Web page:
Following the success of our campaign to lift the federal ban, the Harm Reduction Coalition (HRC) quickly moved to develop pragmatic and comprehensive guidance on developing and managing syringe access programs based on expertise and lessons learned over the years. While there have been similar manuals developed by other health organizations and syringe access providers throughout North America and the rest of the world, HRC began receiving an increased number of requests for technical assistance after the ban was lifted and felt a responsibility to create a document that represented HRC’s perspective on SAP development. We wanted to create a document that would be honest and straightforward in its approach, providing concrete practice suggestions while still encouraging the creativity and flexibility that makes SAPs most successful. HRC also recognized that the U.S. Centers for Disease Control and Prevention (CDC) would be putting forth their own program guidance, and we hoped to have as much influence on that process as possible.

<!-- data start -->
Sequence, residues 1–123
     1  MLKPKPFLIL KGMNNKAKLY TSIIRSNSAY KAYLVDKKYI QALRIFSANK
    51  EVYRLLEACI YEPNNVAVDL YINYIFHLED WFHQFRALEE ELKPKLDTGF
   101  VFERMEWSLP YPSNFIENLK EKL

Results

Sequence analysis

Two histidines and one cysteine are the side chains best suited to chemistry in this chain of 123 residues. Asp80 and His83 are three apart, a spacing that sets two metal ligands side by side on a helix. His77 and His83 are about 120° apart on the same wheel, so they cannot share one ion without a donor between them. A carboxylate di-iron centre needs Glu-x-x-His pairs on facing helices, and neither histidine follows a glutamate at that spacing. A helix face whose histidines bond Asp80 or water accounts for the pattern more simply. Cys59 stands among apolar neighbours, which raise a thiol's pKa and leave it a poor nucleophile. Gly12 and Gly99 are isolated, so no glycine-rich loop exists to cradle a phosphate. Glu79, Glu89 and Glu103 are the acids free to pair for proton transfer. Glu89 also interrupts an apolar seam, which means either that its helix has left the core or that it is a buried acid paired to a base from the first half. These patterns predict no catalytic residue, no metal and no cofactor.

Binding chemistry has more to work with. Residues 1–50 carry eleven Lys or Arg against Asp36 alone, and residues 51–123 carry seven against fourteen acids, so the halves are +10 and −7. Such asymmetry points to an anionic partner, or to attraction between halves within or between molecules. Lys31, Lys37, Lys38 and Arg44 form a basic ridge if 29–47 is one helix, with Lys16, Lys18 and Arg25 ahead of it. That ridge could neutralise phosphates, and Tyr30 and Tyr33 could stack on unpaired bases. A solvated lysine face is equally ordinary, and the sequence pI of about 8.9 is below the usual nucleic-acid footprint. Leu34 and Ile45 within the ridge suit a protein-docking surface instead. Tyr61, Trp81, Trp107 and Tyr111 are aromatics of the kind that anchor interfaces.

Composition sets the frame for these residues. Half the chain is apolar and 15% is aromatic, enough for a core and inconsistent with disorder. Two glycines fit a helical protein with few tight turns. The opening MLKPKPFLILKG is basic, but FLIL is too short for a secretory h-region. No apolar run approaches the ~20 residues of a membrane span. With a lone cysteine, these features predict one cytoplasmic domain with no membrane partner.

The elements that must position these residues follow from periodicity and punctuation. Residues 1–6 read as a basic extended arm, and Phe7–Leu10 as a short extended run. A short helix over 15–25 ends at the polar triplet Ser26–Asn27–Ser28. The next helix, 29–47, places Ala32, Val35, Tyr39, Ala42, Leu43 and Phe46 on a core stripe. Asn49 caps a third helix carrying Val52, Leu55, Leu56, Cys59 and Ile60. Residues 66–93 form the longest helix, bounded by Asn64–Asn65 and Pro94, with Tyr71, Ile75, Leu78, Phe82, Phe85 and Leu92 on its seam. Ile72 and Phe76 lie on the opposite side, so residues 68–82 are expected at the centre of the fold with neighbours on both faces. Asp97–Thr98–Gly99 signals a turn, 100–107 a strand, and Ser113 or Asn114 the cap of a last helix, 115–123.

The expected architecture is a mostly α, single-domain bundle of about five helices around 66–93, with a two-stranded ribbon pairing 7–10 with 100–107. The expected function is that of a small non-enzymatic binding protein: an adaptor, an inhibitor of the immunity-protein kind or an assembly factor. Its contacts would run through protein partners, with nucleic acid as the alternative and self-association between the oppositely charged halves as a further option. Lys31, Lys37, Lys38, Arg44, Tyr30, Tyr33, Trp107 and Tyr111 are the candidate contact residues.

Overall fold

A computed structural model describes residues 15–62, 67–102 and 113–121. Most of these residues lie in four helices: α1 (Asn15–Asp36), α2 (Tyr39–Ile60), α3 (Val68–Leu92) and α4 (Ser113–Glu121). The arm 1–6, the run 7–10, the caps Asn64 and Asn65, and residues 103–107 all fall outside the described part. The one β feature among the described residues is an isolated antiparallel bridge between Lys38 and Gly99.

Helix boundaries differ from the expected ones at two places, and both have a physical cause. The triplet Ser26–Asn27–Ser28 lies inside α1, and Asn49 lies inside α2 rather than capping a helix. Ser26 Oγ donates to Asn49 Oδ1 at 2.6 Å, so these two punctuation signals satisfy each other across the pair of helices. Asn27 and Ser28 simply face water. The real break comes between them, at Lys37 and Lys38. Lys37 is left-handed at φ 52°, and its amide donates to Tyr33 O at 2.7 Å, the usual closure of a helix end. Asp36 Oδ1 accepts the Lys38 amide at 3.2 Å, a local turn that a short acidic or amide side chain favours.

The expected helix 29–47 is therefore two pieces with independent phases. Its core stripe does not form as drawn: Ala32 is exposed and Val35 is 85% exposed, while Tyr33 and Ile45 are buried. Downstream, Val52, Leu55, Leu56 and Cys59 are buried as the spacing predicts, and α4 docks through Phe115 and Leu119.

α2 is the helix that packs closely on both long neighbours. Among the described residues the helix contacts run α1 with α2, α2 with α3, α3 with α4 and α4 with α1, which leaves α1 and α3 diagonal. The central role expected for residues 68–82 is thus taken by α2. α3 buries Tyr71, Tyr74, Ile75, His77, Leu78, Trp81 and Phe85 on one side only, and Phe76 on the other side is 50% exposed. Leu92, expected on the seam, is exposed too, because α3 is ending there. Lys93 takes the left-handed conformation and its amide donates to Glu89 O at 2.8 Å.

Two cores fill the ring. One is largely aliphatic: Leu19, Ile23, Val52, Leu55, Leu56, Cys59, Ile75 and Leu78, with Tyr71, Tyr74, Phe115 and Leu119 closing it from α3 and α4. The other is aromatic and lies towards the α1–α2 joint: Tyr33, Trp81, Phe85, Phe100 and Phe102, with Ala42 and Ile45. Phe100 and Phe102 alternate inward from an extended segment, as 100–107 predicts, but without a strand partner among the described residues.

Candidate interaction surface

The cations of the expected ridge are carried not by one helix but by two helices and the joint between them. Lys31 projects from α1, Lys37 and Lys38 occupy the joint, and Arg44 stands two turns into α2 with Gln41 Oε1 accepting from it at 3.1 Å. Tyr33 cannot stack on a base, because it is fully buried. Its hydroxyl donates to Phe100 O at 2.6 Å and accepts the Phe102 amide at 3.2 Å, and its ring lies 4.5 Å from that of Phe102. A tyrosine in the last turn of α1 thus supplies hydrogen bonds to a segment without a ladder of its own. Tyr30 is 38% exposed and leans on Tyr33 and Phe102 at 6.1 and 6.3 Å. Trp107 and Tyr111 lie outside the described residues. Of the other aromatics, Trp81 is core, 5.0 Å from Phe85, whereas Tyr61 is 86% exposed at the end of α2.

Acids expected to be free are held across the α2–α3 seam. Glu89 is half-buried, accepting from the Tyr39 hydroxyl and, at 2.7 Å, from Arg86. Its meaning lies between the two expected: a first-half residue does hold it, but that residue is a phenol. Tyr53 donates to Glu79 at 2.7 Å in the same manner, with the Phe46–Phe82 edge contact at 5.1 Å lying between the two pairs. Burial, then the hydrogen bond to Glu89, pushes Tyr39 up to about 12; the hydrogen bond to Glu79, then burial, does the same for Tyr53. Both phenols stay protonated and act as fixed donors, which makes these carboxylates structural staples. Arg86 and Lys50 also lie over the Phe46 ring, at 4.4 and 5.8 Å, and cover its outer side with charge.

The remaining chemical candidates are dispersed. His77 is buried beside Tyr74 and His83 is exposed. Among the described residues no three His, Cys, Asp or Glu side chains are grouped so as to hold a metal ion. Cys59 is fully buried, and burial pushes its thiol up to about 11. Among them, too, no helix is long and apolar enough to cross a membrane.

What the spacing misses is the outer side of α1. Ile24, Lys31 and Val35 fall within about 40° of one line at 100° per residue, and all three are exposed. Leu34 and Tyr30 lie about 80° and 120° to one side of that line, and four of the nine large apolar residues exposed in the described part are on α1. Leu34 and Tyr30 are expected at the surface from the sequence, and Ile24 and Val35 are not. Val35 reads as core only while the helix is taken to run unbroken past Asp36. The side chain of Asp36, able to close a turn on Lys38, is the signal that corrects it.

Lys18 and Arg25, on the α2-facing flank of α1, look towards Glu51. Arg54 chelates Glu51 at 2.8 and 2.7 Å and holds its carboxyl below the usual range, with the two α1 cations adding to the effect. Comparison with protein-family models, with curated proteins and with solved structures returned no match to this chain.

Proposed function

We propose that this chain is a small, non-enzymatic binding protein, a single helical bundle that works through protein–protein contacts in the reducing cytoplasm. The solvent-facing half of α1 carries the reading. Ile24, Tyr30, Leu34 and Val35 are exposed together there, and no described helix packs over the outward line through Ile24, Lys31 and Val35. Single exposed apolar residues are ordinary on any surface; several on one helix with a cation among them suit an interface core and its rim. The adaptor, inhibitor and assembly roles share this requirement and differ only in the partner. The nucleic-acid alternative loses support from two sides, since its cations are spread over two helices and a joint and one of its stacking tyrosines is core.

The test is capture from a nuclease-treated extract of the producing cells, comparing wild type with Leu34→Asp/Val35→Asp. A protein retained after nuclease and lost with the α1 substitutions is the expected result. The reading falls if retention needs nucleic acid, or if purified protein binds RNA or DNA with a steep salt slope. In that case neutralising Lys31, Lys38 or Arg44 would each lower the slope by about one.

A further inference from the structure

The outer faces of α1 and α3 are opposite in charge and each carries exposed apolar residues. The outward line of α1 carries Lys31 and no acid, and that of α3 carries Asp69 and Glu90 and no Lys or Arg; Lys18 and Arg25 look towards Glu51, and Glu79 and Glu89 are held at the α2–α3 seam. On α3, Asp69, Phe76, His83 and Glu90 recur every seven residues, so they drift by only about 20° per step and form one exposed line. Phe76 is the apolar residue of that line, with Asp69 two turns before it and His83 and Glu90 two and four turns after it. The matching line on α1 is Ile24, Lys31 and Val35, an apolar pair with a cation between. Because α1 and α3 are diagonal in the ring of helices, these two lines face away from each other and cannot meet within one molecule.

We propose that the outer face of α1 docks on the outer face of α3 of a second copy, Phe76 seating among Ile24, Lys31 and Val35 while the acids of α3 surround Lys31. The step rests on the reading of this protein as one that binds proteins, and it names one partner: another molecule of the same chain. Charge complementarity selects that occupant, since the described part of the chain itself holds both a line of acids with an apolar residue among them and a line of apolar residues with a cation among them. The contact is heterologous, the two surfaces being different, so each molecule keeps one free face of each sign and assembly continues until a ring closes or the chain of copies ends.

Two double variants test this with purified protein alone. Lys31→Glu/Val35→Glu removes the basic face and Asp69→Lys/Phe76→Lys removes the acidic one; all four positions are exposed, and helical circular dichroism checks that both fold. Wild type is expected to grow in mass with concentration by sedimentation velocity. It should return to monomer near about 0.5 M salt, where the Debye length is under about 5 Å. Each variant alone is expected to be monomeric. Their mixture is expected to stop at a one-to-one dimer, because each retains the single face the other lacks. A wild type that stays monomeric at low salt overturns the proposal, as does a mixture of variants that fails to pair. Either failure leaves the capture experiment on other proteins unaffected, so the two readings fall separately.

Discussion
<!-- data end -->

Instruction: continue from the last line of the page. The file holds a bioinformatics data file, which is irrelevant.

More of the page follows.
As we write in the manual, “An SAP is more than a social service or public health intervention. It is a creative social justice project that has the potential to challenge your world-view and take you to new and exciting places.” HRC is anxious to see where it takes you. We welcome your comments and feedback.

Resource developed by: Harm Reduction Coalition

Guest Writer: Emily Winkelstein

Emily Winkelstein is a radical social worker and harm reductionist. She has been working in the field of harm reduction and public health for nearly 15 years. She spent five years working as Program Manager for a research study and drop-in center aimed at younger injection drug users where she also conducted peer-delivered syringe exchange. Emily is currently working for the Harm Reduction Coalition as Publications Coordinator.